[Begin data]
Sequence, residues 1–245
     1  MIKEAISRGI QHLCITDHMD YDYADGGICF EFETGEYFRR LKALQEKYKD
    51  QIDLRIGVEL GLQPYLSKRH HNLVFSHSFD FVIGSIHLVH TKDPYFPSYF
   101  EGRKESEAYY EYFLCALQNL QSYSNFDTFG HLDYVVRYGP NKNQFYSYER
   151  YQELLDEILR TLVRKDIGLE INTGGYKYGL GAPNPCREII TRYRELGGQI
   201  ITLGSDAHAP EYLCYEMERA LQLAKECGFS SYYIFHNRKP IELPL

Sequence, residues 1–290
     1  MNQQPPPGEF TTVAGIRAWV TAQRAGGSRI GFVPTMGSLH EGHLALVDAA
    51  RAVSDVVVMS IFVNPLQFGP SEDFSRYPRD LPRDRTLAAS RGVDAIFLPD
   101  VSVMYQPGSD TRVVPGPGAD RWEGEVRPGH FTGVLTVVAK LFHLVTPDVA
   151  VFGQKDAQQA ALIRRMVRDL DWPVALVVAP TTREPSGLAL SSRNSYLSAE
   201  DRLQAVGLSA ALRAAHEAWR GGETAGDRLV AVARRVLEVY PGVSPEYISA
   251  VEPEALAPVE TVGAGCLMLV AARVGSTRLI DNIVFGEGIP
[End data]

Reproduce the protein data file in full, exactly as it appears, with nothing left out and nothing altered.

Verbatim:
Sequence, residues 1–245
     1  MIKEAISRGI QHLCITDHMD YDYADGGICF EFETGEYFRR LKALQEKYKD
    51  QIDLRIGVEL GLQPYLSKRH HNLVFSHSFD FVIGSIHLVH TKDPYFPSYF
   101  EGRKESEAYY EYFLCALQNL QSYSNFDTFG HLDYVVRYGP NKNQFYSYER
   151  YQELLDEILR TLVRKDIGLE INTGGYKYGL GAPNPCREII TRYRELGGQI
   201  ITLGSDAHAP EYLCYEMERA LQLAKECGFS SYYIFHNRKP IELPL

Sequence, residues 1–290
     1  MNQQPPPGEF TTVAGIRAWV TAQRAGGSRI GFVPTMGSLH EGHLALVDAA
    51  RAVSDVVVMS IFVNPLQFGP SEDFSRYPRD LPRDRTLAAS RGVDAIFLPD
   101  VSVMYQPGSD TRVVPGPGAD RWEGEVRPGH FTGVLTVVAK LFHLVTPDVA
   151  VFGQKDAQQA ALIRRMVRDL DWPVALVVAP TTREPSGLAL SSRNSYLSAE
   201  DRLQAVGLSA ALRAAHEAWR GGETAGDRLV AVARRVLEVY PGVSPEYISA
   251  VEPEALAPVE TVGAGCLMLV AARVGSTRLI DNIVFGEGIP